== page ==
Final symptoms of Terminal Lung Cancer and Dying
Death is an art
The final symptoms of terminal lung cancer and death watch
Dying is an individual life event. Yes, it is part of life. When a friend or loved one shows the final symptoms of terminal lung cancer, there is a lot of variation in how to deal with it. Some people will feel great pain, others not so much. Some approach dying in the same way that they dealt with life, with gusto. Some have disabling fear. Some people die quickly, others linger. The survivors want to help, but need to know how best to recognize the dying process and its symptoms.
Lung cancer’s obvious symptom is shortness of breath. As the malignant cells invade the lung tissue and build masses, the lungs are increasingly unable to process the exchange of air. Sometimes the tumors obstruct the airways. Fluid builds up in the lungs. Cancer tumors are fragile and often bleed causing the person to cough up blood.
Weight loss is common to cancer victims. Medications and the disease itself destroy the appetite. The tumors can obstruct the esophagus and make swallowing difficult.
Cancer cells from the lungs travel to other parts of the body and tumors can grow in the brain, abdomen and bones. Pain can occur wherever these cells have attached.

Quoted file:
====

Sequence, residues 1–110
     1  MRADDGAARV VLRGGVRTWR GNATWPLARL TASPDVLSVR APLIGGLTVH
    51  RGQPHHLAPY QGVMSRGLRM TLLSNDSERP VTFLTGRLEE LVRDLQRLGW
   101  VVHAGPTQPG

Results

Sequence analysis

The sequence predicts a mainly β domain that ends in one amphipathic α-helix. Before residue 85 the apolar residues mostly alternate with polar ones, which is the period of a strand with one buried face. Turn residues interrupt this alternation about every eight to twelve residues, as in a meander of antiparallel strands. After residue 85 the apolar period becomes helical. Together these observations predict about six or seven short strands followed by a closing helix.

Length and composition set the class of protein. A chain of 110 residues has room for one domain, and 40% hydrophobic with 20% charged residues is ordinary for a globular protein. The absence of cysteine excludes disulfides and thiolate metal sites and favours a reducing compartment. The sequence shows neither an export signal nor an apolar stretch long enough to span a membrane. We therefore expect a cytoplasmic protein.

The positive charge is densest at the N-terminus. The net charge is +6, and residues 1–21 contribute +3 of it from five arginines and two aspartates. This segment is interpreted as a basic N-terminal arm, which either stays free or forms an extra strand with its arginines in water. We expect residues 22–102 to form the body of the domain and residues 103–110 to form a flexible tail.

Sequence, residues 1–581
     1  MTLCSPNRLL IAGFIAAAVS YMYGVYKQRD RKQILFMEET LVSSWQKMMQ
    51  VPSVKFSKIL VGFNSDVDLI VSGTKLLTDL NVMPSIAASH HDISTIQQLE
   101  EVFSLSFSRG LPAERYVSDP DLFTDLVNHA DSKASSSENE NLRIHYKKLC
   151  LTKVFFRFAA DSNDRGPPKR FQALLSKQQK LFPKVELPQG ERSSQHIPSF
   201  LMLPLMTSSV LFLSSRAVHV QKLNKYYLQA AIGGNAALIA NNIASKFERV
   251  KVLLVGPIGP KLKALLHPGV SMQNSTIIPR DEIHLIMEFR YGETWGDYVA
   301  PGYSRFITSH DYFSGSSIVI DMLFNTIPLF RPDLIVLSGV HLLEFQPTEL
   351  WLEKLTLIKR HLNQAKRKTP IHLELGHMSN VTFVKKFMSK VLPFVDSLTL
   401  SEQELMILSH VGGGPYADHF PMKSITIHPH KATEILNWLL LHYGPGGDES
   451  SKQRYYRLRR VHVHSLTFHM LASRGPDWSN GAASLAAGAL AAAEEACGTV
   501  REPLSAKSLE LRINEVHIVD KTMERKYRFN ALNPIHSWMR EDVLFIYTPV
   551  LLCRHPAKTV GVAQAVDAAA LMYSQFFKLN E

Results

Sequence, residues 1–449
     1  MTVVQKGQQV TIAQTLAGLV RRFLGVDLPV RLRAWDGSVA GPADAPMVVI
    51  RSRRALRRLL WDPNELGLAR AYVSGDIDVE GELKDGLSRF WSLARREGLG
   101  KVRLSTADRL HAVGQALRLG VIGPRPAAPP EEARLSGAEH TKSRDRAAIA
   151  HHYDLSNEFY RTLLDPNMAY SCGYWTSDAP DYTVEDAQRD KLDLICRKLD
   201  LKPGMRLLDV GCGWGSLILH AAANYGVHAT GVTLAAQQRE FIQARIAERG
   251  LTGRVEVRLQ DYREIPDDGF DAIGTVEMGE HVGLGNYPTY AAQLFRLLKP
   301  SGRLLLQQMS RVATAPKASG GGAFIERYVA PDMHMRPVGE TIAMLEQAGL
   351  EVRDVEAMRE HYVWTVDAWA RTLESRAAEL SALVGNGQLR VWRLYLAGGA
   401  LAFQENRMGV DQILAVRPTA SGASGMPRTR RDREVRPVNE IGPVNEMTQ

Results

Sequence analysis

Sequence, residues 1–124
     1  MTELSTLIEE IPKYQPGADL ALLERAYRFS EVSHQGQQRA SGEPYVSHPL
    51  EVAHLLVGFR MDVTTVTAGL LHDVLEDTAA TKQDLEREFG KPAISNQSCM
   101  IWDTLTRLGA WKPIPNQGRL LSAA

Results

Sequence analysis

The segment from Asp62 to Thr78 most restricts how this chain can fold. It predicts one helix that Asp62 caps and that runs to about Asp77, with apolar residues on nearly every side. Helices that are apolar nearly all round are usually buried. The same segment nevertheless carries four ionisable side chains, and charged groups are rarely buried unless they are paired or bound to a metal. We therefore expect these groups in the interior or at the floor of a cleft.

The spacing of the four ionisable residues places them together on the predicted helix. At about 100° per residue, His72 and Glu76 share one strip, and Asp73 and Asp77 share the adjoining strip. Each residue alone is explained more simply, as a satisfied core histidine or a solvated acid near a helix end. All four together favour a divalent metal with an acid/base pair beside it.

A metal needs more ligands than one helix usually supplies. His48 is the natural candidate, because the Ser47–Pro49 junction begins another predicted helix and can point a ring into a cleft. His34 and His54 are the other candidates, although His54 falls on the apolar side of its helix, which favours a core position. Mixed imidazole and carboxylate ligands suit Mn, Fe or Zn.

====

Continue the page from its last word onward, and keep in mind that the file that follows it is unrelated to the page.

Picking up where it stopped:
If the brain is involved, symptoms can include neurological problems. Headaches, speech impairment and seizures can be caused by brain tumors.
Lung cancer patients can have mild to excruciating bone pain, or no pain at all.
Cancerous tumors in the abdomen may cause pain of the liver, stomach or other organs. Other abdominal pain may be due to the general effort of breathing as the diaphragm becomes weaker and weaker.
Active Dying Phase, or the Final Symptoms
As the patient nears the actual point of death, the symptoms change and become quite distinct. The skin becomes cool and bluish. Wet and clammy skin is evident as perspiration increases.
Appetite may actually increase for a short while which gives false hope of a rebound to the caretaker. Then the appetite and thirst completely disappear and the patient will refuse to eat or drink anything.
Breathing becomes irregular and the so-called “death rattle” is heard due to Increased secretions in the back of the throat.
The patient may become irritated and confused even to the point of seeing hallucinations. Some have stated that they see people from “the other side” that have passed before them.
The final symptom is a profound deep sleep. During this sleep, the friend or loved one will simply stop breathing and their heart will stop beating. The end is generally peaceful and caretakers will find comfort in being in the room with the body as they say the final goodbye.
Have you ever had to participate in a 'death watch' of a loved one?See results without voting
How to Deal With Death and Grieving
This book contains proven steps and strategies to help you cope with the challenges and difficulties posed by experiencing the loss of someone special in your life. It also details ways to assist you in coping with the consequent grief that comes with such a loss.
© 2010 Austinstar
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